F1’s schedule gets crowded as global interest soars

Since Liberty Media took over F1, races returned to France and the Netherlands, with new additions in Saudi Arabia, Qatar and the USGetty Images

F1’s popularity has “now soared to such an extent” that there is “more interest from new venues than there are available dates on the calendar,” according to Ian Parkes of the NY TIMES. F1 CEO Stefano Domenicali said, “If we had the chance, it would be easy to fill the calendar with 30 Grands Prix. It’s not that I want to do 30 Grands Prix, but it really shows the level of interest that Formula 1 has all around the world.” However, there is currently a contract that “limits the number of races per year to 24.” This season there will be a record 23 races, with a new race in Miami in May. Next season, F1 will return to Las Vegas after a 41-year absence. Domenicali said, “It was very important to do this deal because Vegas has a global footprint, and it’s another step in the right direction of the think-big approach F1 needs to have for the future.” With three Grands Prix in the US, including one in Austin, the “next major hurdle” for F1 is a “return to Africa.” A new deal to return to Kyalami, a circuit north of Johannesburg, is “close to being completed.” Since Liberty Media took over F1, races have returned to France and the Netherlands, as well as the new additions in Saudi Arabia, Qatar and the US Domenicali wants to “preserve Formula 1’s heartland in Europe, but has warned that races there have to keep pace with the rate of development of events in other countries.” Drivers and team principals “feel it is important that Formula 1 finds a balance between welcoming the new and preserving the old” (NY TIMES, 4/22).

HIT SHOW: In NY, Luke Smith writes Netflix’s “Formula 1: Drive to Survive” series has “been a hit for the sport, attracting droves of new fans by highlighting the personalities of the drivers inside the cockpit.” Red Bull driver Max Verstappen has become the “only driver to refuse to be interviewed for the series” because he thought it “faked rivalries and exaggerated incidents.” Driver rivalries are “central to the narrative of the show.” A season 3 episode featuring McLaren drivers Lando Norris and Carlos Sainz “sought to depict tension in their relationship.” However, Sainz felt it was “pushed a bit too far,” as the two are “known to be good friends.” F1 has “spoken with the producers of the show and the teams after Verstappen’s complaints.” F1 Director of Media Rights & Content Creation Ian Holmes said that the producers “need to be mindful of his concerns” and that it was “important for teams and drivers to feel comfortable participating in the series.” Red Bull Team Principal Christian Horner said, “At the end of the day, it is a television show. They’re taking snippets from a season-long battle and turning that into a television program. One has to remember it is designed ultimately to entertain” (NY TIMES, 4/22).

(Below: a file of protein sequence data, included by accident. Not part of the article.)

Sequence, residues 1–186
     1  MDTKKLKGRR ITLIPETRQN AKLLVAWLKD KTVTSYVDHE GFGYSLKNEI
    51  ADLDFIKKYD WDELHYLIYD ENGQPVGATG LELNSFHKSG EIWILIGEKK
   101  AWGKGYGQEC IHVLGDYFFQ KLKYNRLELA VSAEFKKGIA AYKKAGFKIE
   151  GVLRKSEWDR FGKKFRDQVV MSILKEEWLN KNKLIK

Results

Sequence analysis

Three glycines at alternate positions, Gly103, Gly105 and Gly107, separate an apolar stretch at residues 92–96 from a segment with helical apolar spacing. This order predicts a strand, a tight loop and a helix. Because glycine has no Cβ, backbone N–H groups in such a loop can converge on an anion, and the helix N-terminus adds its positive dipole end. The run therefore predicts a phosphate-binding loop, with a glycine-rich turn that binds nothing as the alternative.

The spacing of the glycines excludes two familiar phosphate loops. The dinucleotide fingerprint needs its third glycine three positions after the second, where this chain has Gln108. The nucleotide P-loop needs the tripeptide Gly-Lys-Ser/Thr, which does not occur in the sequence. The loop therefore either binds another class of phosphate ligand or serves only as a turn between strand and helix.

LACK OF AMERICAN FLAVOR: In NY, Gregory Leporati writes as F1 “increases its footprint” in the US, there is “one puzzling question: Why are there no American-born drivers?” American drivers have “been virtually absent from the series over the past two decades.” The last American to race in the series was Alexander Rossi, who drove in “five unremarkable races for the now-defunct Marussia team” in ’15 before moving “full time to IndyCar.” However, fans hoping to see an F1 driver from the US “may not have to wait much longer,” as Michael Andretti in February announced that his racing organization, Andretti Autosport, had “formally launched a bid to create a Formula 1 team.” “By ’24. Andretti made it clear that the team would “prioritize signing an American driver,” something that Haas F1 Team — currently the only American-owned F1 team on the grid — has “never entertained.” F1 broadcaster and journalist Will Buxton, though, “remains on the fence” about whether an American driver would “necessarily impact Formula 1’s popularity.” Buxton said that today’s potential drivers “do not carry the same type of name recognition” as some of the US’ “previous motorsports heroes” (NY TIMES, 4/22).


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George Holan

George Holan is chief editor at Plainsmen Post and has articles published in many notable publications in the last decade.

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